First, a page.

Friday's letters: Help for boaters against modern-day 'pirates'

Published Jan. 18, 2018

Marine towing and salvage

Help against modern-day piracy

As an avid recreational boat owner and sixth-generation Floridian, I know there's no better way to enjoy our state's spectacular waters than taking your boat out. Unfortunately, the fun of boating can be spoiled when predatory companies take advantage of boaters in distress.

Many boaters purchase memberships with maritime salvage and towing companies in order to be covered for helpful services. But sometimes these companies unfairly classify assistance as a "salvage claim," a classification that lets them charge outrageous fees.

But here's the real shocker: Because the cost isn't disclosed up front, these companies can stick boat owners with extreme salvage fees after the fact. This is a case of powerful companies preying on the vulnerable and unsuspecting — an act of modern-day piracy. I recently met with a constituent who was charged $30,000 after one salvage company spent less than 10 minutes providing assistance.

To combat this, I have filed legislation that would provide added transparency to the marine towing and salvage business. The bill requires salvors to give boaters a written estimate before providing service. That's it. We are essentially taking protections Floridians have come to expect on land — from auto mechanics, for example — and extending them to our state's boaters.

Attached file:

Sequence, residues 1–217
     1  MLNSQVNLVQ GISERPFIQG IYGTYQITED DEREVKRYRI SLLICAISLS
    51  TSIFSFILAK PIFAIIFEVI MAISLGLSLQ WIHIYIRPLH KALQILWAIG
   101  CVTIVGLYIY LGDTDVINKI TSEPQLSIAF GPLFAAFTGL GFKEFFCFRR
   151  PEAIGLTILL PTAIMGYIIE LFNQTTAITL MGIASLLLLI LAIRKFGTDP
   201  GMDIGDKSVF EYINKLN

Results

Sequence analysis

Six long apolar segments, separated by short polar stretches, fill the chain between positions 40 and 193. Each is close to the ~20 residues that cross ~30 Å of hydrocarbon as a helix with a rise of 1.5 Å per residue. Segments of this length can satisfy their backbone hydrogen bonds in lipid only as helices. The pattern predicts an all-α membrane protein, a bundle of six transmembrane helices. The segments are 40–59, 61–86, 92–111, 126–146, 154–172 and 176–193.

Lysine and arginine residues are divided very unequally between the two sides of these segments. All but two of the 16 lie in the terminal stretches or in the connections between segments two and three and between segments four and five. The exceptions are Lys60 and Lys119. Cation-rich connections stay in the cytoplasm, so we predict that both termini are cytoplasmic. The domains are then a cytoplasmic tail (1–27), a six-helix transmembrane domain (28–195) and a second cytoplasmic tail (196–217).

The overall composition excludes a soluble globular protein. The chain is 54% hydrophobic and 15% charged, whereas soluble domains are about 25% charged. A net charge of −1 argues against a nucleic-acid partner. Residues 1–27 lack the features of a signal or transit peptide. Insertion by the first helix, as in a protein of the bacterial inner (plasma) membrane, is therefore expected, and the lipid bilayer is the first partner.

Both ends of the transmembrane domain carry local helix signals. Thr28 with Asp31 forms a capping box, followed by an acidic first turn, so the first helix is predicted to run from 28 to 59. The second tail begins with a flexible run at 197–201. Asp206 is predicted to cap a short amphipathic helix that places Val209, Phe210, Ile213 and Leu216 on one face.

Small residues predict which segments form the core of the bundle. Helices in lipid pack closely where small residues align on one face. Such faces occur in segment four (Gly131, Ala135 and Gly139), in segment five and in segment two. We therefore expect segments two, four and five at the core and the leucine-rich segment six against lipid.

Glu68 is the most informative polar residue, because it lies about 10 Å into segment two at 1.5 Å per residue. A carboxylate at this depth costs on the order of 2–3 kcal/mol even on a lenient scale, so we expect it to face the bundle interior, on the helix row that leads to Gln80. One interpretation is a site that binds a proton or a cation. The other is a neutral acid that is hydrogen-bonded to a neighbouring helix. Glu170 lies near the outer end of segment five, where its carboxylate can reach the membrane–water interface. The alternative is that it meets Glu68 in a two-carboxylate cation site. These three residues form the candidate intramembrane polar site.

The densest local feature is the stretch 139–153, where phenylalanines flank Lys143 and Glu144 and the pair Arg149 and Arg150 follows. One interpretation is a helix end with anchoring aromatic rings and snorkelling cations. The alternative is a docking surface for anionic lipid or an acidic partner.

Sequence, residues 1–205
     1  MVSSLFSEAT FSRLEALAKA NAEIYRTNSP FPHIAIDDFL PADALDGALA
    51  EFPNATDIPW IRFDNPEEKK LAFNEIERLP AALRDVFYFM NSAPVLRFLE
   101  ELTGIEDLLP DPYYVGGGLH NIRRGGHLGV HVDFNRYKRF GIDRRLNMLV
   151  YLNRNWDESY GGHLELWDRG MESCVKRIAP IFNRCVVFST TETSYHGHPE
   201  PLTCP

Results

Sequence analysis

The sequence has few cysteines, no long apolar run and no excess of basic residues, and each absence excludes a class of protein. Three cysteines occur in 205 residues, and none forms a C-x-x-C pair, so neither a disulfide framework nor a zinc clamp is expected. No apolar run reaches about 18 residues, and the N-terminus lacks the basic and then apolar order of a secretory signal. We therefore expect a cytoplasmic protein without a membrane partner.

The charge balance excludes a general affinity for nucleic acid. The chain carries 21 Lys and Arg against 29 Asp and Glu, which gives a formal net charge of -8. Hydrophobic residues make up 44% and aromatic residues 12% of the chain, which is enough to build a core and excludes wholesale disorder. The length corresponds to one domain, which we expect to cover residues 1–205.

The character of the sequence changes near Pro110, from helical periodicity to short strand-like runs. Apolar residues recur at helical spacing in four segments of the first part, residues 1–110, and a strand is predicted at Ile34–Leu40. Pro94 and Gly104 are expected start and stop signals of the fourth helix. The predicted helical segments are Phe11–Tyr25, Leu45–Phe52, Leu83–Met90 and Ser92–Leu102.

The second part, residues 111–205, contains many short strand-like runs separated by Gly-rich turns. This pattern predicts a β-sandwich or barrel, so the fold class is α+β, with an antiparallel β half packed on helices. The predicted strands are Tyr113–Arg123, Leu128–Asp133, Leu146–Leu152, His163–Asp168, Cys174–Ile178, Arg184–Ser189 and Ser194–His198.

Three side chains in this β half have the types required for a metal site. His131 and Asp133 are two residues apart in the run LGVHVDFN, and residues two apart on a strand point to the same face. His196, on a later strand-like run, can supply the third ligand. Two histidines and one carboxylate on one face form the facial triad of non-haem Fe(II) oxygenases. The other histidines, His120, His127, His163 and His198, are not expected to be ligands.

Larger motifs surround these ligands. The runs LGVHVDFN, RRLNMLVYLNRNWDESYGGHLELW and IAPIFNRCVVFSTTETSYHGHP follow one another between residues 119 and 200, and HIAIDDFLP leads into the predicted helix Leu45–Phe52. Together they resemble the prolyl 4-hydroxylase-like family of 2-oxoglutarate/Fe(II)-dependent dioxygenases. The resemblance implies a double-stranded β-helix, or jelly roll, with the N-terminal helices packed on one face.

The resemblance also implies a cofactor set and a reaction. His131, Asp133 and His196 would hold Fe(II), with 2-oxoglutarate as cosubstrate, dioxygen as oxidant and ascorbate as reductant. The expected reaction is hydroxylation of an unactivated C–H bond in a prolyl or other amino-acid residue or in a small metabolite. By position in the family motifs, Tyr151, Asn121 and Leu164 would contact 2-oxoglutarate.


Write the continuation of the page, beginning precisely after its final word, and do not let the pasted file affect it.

The proposal will provide boaters with the peace of mind that comes from knowing they'll be able to see how much they will be charged — before any assistance is actually provided.

It's time we put a stop to the undisclosed fees charged by some of these companies, charges that may far exceed the value of the service provided. I am proud to take a stand with my fellow boaters and work to create a solution for these unjust acts. This legislation will give Florida boaters the clarity they need and the peace of mind they deserve.

Sen. Dana Young, R-Tampa

The writer represents state Senate District 18 in Hillsborough County and serves as chair of the Senate Health Policy Committee.

60 percent of taxpayers should see cuts of $1,000 | Jan. 14

Who pays and who doesn't

The PolitiFact check of the Kayleigh McEnany claim that "Americans will see their paychecks grow at the tune of saving $1,000 or more a year" found the statement is partially accurate but leaves out important details, therefore ruled half-true.

This PolitiFact ruling could be described the exact same way. Here are two important details that were left out:

1) The ruling complains that roughly 40 percent of households will not get a $1,000 saving, and claims their average cut will amount to $480. The important detail that was left out is that 45.3 percent of households pay no federal income tax (according to the Tax Policy Center). Therefore it is pretty amazing that the tax reform is providing these households additional income through an expanded, refundable child tax credit. Part of this new benefit is directly attributable to Sen. Marco Rubio, R-Fla.